Alex Jevons, executive director – growth & operations, MediaCom MENA
A British media and marketing professional of 16 years, Alex Jevons has spent the past 14 years working in leading roles for a major broadcaster, client and agency across MENA.
His first six years in the Middle East were spent working in various network planning and operational roles for MBC Group, before moving in 2011 to FMCG giant Reckitt Benckiser, taking on the role as head of media MENAT.
After a successful three and a half years working client side, Jevons moved to the agency world with MediaCom in early 2015. Initially hired as the META business director on Mars, he quickly became client managing director for 15 regional accounts that included Bose, Bayer and Siemens.
More recently, Jevons has moved away from client-facing roles and is currently developing operational transformation and leading new business development for the agency across MENA.
What’s the best advice you have received in your career?
None of this really matters. To quote the great American philosopher Ferris Bueller, “Life moves pretty fast, if you don’t stop and look around once in a while, you could miss it”.
What’s the best advice you have given in your career?
Embrace the chaos and create your own path. Nobody will do it for you.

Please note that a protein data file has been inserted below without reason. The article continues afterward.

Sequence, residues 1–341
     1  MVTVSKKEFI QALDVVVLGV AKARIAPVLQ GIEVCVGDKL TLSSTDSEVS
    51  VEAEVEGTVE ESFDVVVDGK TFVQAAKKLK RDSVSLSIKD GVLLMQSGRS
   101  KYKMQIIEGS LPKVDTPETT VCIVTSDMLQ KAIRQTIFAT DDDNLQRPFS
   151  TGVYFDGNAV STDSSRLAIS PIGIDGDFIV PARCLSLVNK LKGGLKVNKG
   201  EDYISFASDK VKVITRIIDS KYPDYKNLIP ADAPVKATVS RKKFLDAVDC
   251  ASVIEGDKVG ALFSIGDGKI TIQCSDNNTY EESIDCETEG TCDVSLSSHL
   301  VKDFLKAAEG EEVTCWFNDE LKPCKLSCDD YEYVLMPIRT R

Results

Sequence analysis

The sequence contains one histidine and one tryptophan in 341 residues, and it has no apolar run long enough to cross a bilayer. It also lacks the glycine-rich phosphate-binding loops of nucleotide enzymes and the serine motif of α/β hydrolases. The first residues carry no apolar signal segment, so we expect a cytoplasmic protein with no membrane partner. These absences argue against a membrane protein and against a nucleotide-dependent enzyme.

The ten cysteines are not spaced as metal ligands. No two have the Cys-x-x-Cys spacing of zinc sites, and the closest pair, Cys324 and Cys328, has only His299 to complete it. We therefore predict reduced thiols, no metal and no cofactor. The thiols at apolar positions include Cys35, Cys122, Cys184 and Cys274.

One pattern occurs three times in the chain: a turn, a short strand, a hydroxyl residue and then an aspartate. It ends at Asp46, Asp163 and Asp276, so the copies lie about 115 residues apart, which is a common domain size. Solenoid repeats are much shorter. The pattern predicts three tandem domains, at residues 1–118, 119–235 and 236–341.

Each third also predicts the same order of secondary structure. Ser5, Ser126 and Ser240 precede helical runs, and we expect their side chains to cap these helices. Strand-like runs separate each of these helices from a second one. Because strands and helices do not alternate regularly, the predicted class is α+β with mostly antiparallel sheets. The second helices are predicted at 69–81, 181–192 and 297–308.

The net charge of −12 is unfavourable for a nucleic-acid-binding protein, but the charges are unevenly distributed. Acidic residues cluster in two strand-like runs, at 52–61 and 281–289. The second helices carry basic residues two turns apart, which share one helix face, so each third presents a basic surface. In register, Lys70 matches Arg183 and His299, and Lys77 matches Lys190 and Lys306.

What’s the most rewarding thing about your job?
The ‘last Thursday of the month’ probably isn’t what you’re looking for, so seeing hard-working, genuinely talented colleagues get recognition and promotion is a close second.
What’s the most frustrating thing about your job?
The endless nonsense.
If not this, what would you be doing?
When I was 15, I had dreams of becoming an investigative journalist right up until my GSCE English teacher gave my mum a rather nervous smile on careers evening that gave every indication that I should consider a different path! Well, screw you Mrs Richards, this is 2019 and I keep hearing I can be whatever I want to be, so probably an investigative journalist astronaut.
If you had ten million dollars, what would you do?
I’d love to say I’d be a benevolent benefactor of an impactful not-for-profit, but the reality is I’d probably not tell anyone, live off the interest and play golf.
Finally, why are you (still) in this industry?
Because I don’t have $10 million… So I have to do something to pay for my kids after school clubs.